alfresco_1  |  2018-05-23 07:16:51,993  INFO  [extensions.webscripts.DeclarativeRegistry] [asynchronouslyRefreshedCacheThreadPool1] Registered 0 Package Description Documents (+0 failed)

alfresco_1  |  2018-05-23 07:16:51,993  INFO  [extensions.webscripts.DeclarativeRegistry] [asynchronouslyRefreshedCacheThreadPool1] Registered 0 Schema Description Documents (+0 failed)

alfresco_1  |  2018-05-23 07:16:52,105  WARN  [scripts.servlet.X509ServletFilterBase] [localhost-startStop-1] clientAuth does not appear to be set for Tomcat. clientAuth must be set to 'want' for X509 Authentication

alfresco_1  |  2018-05-23 07:16:52,105  WARN  [scripts.servlet.X509ServletFilterBase] [localhost-startStop-1] Attempting to set clientAuth=want through JMX...

alfresco_1  |  2018-05-23 07:16:52,117  WARN  [scripts.servlet.X509ServletFilterBase] [localhost-startStop-1] Unable to set clientAuth=want through JMX.

alfresco_1  |  23-May-2018 07:16:56.806 INFO [localhost-startStop-1] org.apache.catalina.startup.HostConfig.deployDirectory Deployment of web application directory [/usr/local/tomcat/webapps/alfresco] has finished in [72,893] ms

alfresco_1  | 23-May-2018 07:16:56.815 INFO [main] org.apache.coyote.AbstractProtocol.start Starting ProtocolHandler ["http-nio-8080"]

alfresco_1  | 23-May-2018 07:16:56.831 INFO [main] org.apache.coyote.AbstractProtocol.start Starting ProtocolHandler ["ajp-nio-8009"]

alfresco_1  | 23-May-2018 07:16:56.841 INFO [main] org.apache.catalina.startup.Catalina.start Server startup in 79493 ms

share_1     | 2018-05-23 07:17:05,651  INFO  [web.site.EditionInterceptor] [http-nio-8080-exec-3] Successfully retrieved license information from Alfresco.

alfresco_1  | 2018-05-23 07:17:20,434  INFO  [management.subsystems.ChildApplicationContextFactory] [http-nio-8080-exec-1] Starting 'Transformers' subsystem, ID: [Transformers, default]

alfresco_1  |  2018-05-23 07:17:20,845  INFO  [management.subsystems.ChildApplicationContextFactory] [http-nio-8080-exec-1] Startup of 'Transformers' subsystem, ID: [Transformers, default] complete

share_1     |  2018-05-23 07:17:29,731  INFO  [web.scripts.ImapServerStatus] [http-nio-8080-exec-10] Successfully retrieved IMAP server status from Alfresco: disabled

As we can see, the logs from each container are available as an aggregated console log so we can follow exactly what is happening. Note the AMPs that are applied by default: Alfresco AOS Service, Google Docs Integration, Alfresco Share Services, and the Trashcan Cleaner.

Accessing the Alfresco Share web application

We can now access the Web UI at http://localhost:8080/share. The login credentials are: admin/admin.

Inspecting the Docker Compose file

We have seen how easy it is to deploy and run the ACS system with Docker Compose, next we will look at the Compose YAML file that made it happen. It’s located in the acs-community-deployment/docker-compose directory and looks like the following:

 

version: "3"

services:
    alfresco:
        image: alfresco/alfresco-content-repository-community:6.0.5-ea
        environment:
            JAVA_OPTS : "
                -Ddb.driver=org.postgresql.Driver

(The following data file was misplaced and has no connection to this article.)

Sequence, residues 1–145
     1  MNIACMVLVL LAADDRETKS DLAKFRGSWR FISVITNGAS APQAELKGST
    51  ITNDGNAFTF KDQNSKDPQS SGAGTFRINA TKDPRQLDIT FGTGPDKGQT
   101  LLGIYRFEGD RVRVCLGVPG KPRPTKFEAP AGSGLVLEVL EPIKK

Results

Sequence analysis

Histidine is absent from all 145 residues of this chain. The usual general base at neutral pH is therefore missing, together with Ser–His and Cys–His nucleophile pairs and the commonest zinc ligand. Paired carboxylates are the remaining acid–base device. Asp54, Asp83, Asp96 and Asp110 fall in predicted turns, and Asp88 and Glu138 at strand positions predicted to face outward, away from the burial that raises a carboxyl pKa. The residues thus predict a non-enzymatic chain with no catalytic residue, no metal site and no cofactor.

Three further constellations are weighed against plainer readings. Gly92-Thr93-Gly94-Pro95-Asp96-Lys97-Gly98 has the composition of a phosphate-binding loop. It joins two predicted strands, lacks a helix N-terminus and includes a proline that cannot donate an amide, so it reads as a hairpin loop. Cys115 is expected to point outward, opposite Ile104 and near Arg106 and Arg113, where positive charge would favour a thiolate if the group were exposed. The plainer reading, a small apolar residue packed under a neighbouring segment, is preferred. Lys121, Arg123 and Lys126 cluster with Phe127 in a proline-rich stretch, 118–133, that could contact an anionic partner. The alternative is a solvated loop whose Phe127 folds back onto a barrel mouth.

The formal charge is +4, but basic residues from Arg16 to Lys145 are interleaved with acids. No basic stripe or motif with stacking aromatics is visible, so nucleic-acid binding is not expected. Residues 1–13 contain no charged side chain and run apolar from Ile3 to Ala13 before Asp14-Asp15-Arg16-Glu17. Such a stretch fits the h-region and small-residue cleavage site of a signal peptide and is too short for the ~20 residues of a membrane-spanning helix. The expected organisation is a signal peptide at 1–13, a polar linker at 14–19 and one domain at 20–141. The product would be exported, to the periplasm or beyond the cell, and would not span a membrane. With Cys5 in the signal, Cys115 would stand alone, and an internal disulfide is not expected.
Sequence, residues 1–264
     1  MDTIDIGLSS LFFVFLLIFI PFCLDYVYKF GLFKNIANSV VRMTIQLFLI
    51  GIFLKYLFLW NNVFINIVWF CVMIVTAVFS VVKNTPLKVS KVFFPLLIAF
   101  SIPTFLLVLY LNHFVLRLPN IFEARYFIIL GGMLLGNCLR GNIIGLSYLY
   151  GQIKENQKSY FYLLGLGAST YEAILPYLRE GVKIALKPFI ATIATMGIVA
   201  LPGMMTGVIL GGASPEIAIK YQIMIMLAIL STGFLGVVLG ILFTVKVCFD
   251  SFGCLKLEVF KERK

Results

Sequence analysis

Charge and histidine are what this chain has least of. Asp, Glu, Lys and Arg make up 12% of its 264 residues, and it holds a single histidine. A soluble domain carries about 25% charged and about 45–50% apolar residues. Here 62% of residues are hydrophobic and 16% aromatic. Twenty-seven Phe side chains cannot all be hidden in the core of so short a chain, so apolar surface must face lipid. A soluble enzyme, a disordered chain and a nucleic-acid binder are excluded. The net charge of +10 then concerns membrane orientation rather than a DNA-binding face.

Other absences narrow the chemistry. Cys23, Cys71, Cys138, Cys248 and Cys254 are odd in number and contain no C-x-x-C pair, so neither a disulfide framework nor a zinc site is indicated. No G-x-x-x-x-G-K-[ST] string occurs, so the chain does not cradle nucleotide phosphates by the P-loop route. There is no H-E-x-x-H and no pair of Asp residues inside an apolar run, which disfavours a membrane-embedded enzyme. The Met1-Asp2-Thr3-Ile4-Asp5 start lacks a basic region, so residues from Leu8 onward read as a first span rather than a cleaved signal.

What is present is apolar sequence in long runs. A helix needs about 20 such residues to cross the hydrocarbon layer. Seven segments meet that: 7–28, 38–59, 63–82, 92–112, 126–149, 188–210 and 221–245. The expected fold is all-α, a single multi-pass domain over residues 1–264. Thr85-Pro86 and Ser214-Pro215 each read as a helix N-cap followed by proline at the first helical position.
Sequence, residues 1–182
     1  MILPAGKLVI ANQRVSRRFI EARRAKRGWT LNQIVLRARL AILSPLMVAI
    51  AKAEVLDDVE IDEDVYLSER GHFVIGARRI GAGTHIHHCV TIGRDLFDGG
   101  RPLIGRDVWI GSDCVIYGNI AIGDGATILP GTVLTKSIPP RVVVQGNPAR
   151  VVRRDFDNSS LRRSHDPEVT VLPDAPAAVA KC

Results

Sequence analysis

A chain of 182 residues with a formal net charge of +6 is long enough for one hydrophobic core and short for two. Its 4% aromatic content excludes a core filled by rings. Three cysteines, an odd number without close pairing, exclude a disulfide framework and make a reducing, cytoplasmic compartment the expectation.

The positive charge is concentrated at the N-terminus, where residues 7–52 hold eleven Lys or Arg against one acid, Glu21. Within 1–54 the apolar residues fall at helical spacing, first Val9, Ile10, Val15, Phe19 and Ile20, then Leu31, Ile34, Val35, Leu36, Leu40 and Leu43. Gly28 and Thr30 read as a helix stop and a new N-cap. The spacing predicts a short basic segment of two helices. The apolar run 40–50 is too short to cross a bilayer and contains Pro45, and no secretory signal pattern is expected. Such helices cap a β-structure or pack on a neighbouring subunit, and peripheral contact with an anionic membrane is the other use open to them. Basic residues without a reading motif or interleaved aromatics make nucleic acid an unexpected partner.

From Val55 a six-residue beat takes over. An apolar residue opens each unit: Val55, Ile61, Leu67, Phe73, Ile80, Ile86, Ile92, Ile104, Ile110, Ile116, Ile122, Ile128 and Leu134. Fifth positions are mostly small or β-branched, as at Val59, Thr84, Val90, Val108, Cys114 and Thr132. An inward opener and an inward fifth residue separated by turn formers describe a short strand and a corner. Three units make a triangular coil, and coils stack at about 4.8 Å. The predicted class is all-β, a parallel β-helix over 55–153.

-Ddb.username=alfresco
                -Ddb.password=alfresco
                -Ddb.url=jdbc:postgresql://postgres:5432/alfresco
                -Dsolr.host=solr6
                -Dsolr.port=8983
                -Dsolr.secureComms=none
                -Dsolr.base.url=/solr
                -Dindex.subsystem.name=solr6
                -Ddeployment.method=DOCKER_COMPOSE
                "
        ports:
            - 8082:8080 #Browser port

    share:
        image: alfresco/alfresco-share:6.0.a
        environment:
            - REPO_HOST=alfresco
            - REPO_PORT=8080
        ports:
            - 8080:8080

    postgres:
        image: postgres:10.1
        environment:
            - POSTGRES_PASSWORD=alfresco
            - POSTGRES_USER=alfresco
            - POSTGRES_DB=alfresco
        ports:
            - 5432:5432

    solr6:
        image: alfresco/alfresco-search-services:1.1.1
        environment:
            #Solr needs to know how to register itself with Alfresco
            - SOLR_ALFRESCO_HOST=alfresco
            - SOLR_ALFRESCO_PORT=8080
            #Alfresco needs to know how to call solr
            - SOLR_SOLR_HOST=solr6
            - SOLR_SOLR_PORT=8983
            #Create the default alfresco and archive cores
            - SOLR_CREATE_ALFRESCO_DEFAULTS=alfresco,archive
        ports:
            - 8083:8983 #Browser port

Image configuration

The image property tells Docker Compose what Docker Image to fetch, what version, and from where. If it just specifies the image name and version, as in the above specification, then the images are assumed to reside in https://hub.docker.com. If the image property value looks something like quay.io/alfresco/alfresco-content-services:latest, then it is most likely an Enterprise Edition image and you will need to login to get that.

 

At the end of the image property value is the version specification. You can update the version to fit your requirements. Browse Docker Hub for available versions. It is quite easy to list available versions for Alfresco images, or tags as Docker Hub calls them, with a URL like https://hub.docker.com/r/<user>/<image name>/tags/. To list the available Alfresco Search Services image versions/tags use https://hub.docker.com/r/alfresco/alfresco-search-services/tags/ :

 

Environment configuration